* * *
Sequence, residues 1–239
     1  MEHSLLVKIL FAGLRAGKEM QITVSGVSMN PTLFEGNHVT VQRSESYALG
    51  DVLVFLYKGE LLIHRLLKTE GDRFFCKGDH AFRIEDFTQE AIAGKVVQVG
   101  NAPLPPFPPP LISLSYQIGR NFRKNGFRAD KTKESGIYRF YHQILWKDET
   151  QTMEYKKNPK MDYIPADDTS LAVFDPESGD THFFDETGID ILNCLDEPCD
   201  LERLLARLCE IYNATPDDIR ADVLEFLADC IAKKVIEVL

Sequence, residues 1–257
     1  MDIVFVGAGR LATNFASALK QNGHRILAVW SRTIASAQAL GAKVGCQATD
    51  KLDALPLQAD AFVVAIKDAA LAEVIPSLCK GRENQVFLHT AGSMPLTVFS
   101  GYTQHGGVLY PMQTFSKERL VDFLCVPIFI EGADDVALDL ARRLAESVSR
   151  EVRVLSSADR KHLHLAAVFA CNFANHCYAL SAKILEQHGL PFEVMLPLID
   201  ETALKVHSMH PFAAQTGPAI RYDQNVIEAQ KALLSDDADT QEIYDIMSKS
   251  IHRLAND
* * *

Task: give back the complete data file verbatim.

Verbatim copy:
Sequence, residues 1–239
     1  MEHSLLVKIL FAGLRAGKEM QITVSGVSMN PTLFEGNHVT VQRSESYALG
    51  DVLVFLYKGE LLIHRLLKTE GDRFFCKGDH AFRIEDFTQE AIAGKVVQVG
   101  NAPLPPFPPP LISLSYQIGR NFRKNGFRAD KTKESGIYRF YHQILWKDET
   151  QTMEYKKNPK MDYIPADDTS LAVFDPESGD THFFDETGID ILNCLDEPCD
   201  LERLLARLCE IYNATPDDIR ADVLEFLADC IAKKVIEVL

Sequence, residues 1–257
     1  MDIVFVGAGR LATNFASALK QNGHRILAVW SRTIASAQAL GAKVGCQATD
    51  KLDALPLQAD AFVVAIKDAA LAEVIPSLCK GRENQVFLHT AGSMPLTVFS
   101  GYTQHGGVLY PMQTFSKERL VDFLCVPIFI EGADDVALDL ARRLAESVSR
   151  EVRVLSSADR KHLHLAAVFA CNFANHCYAL SAKILEQHGL PFEVMLPLID
   201  ETALKVHSMH PFAAQTGPAI RYDQNVIEAQ KALLSDDADT QEIYDIMSKS
   251  IHRLAND